In publishing consultant Mike Shatzkin’s latest blog post, he reflects on the way that changes in the e-book market (most notably agency pricing) and the relatively similar features of most e-book readers (barring the occasional pet peeve or badly-formatted title here or there) mean there is no longer any particular advantage to the reader in buying from one e-book store over another.
If I think of a book I want when I’m reading another one, I’m most likely to just buy it in the reader I’m in just because I have it open. Thanks to the combination of agency and 24/7 price monitoring, there is unlikely to be any financial advantage to shopping around. If I know exactly which book I want, there’s also no particular distinction among the four for ease of use or speed of transaction.
He then sets down some ideas for how e-book retailers can create customer loyalty and lock-in. He points out that Kindle’s closed file format is not currently a handicap for most of those who use it. It might happen eventually, “But, for now, Amazon has many millions of happy device owners for whom buying a book any other way is likely to be more trouble than it could possibly be worth.”
He points to Google’s idea, which he says seems to borrow from iTunes—letting you manage and centralize your books the way iTunes did for music. Copia is trying to make reading more social. Kobo seems to want to be the Foursquare of e-books, “tracking” your reading and giving you badges for finishing books.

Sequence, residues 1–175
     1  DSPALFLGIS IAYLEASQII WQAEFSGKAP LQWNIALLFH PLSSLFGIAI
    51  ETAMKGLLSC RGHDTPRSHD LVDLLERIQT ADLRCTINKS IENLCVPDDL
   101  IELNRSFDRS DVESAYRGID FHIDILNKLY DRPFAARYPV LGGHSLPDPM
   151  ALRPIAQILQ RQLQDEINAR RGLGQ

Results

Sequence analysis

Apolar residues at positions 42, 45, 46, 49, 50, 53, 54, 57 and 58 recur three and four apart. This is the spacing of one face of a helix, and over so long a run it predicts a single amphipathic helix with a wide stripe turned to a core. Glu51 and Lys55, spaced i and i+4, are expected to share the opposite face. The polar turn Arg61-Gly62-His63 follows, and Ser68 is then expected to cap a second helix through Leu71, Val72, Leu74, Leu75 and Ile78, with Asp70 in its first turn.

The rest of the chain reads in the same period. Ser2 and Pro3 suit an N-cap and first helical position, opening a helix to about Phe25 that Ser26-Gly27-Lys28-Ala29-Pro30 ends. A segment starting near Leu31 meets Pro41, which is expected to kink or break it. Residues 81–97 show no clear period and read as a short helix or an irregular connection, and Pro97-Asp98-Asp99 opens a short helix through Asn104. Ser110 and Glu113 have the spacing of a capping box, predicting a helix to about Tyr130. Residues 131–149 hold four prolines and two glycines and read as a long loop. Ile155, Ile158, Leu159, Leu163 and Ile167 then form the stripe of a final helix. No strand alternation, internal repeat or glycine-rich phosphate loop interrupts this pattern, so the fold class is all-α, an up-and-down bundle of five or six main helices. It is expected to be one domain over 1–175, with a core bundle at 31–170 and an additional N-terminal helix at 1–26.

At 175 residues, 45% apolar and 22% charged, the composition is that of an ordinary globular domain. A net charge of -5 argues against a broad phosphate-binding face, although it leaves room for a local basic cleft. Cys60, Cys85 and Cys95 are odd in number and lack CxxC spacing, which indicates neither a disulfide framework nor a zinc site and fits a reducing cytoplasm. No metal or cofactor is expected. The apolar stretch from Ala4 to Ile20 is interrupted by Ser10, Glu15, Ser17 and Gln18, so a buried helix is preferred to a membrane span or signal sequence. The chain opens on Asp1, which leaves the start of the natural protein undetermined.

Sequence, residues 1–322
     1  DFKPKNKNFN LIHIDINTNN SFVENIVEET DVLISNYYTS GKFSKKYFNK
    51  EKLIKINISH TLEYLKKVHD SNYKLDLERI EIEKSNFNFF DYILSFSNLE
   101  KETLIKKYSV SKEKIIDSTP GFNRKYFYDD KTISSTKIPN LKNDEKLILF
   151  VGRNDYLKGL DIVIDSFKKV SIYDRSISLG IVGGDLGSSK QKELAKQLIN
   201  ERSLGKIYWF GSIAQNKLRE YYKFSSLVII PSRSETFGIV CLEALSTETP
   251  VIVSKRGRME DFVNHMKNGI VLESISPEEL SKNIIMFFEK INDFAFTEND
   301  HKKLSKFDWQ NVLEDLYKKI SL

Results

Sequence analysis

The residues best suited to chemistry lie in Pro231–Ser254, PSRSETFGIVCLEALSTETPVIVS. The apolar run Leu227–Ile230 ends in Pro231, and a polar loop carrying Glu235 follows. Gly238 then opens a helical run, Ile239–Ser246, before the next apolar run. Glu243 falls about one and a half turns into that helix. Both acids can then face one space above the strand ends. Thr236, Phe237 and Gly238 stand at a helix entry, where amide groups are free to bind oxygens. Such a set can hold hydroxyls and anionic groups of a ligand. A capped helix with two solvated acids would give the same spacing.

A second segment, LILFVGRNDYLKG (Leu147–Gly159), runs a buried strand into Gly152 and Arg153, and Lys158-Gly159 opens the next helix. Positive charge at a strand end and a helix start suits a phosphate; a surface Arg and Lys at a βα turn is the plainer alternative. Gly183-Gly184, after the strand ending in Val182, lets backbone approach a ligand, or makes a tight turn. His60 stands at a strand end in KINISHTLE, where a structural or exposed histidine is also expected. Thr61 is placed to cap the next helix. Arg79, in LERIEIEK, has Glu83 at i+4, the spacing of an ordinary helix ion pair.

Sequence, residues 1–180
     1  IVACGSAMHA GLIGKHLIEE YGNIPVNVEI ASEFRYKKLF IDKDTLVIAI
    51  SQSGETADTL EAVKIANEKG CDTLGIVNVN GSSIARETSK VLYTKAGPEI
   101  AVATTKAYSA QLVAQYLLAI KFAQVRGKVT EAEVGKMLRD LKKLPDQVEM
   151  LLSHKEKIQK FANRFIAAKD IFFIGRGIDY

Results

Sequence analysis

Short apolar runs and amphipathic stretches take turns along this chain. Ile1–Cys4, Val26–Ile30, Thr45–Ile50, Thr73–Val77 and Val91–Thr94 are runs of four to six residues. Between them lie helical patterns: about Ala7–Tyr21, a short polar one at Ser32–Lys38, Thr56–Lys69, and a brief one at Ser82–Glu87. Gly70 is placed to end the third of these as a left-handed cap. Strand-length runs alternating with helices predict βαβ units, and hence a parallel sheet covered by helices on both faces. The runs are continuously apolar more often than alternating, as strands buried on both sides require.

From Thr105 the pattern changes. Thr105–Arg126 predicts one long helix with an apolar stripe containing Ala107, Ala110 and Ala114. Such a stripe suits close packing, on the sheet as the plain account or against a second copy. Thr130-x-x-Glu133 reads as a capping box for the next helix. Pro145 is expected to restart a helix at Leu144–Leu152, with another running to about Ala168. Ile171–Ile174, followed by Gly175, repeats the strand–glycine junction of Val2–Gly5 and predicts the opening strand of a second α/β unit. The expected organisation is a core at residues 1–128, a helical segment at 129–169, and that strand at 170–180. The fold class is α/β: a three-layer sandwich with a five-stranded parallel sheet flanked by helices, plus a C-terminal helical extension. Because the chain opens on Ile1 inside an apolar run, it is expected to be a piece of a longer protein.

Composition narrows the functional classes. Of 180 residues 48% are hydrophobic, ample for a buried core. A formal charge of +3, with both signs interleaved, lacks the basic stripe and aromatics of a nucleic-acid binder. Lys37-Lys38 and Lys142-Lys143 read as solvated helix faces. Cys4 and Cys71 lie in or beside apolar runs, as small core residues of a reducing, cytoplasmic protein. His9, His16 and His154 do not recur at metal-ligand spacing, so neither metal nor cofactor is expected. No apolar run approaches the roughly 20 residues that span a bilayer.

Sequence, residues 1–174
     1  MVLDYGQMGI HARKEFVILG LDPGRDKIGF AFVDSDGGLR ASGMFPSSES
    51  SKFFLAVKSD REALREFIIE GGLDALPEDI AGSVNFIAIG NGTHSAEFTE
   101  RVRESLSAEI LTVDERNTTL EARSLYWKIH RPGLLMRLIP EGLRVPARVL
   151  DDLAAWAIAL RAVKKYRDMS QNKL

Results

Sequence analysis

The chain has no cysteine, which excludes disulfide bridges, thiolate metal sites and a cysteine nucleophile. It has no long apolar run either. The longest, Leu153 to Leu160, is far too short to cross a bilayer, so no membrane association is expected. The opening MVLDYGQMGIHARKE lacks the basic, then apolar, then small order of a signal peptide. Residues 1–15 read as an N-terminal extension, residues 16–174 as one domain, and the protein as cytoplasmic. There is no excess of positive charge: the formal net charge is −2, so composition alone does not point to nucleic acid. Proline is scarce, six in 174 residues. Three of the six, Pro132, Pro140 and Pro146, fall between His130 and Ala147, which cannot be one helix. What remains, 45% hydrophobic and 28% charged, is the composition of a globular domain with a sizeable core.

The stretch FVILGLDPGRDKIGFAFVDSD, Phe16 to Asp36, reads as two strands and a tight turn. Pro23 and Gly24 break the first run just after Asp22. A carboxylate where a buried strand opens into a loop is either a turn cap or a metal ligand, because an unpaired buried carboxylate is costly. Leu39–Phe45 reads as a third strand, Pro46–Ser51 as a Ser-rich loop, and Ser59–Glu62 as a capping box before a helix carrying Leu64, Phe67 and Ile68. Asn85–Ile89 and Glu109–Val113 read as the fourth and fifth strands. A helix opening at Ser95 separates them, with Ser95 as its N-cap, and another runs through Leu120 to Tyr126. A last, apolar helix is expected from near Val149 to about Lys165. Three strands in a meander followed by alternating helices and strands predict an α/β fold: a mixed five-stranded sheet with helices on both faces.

I suppose the point is that when e-book retailers can no longer compete on price, and the convenience of obtaining and downloading a title is about the same for all (granted, it’s easier with iBooks, but as Shatzkin points out, they don’t have the selection everyone else does), they’ll find other ways to compete and differentiate.
I can’t say that, as a consumer, I’m terribly thrilled by the idea that e-book vendors should try to go for more lock-in. True, I own an iPad and used to own an iPod Touch, but before that I owned a Nokia and before that a series of PalmOS devices. And even as much as I like Apple’s gadgets, it’s entirely possible I might own an Android or something else tomorrow. I’d like my books to be readable on any device I might own, thank you. But then, I suppose that’s why I buy mostly from Baen anymore.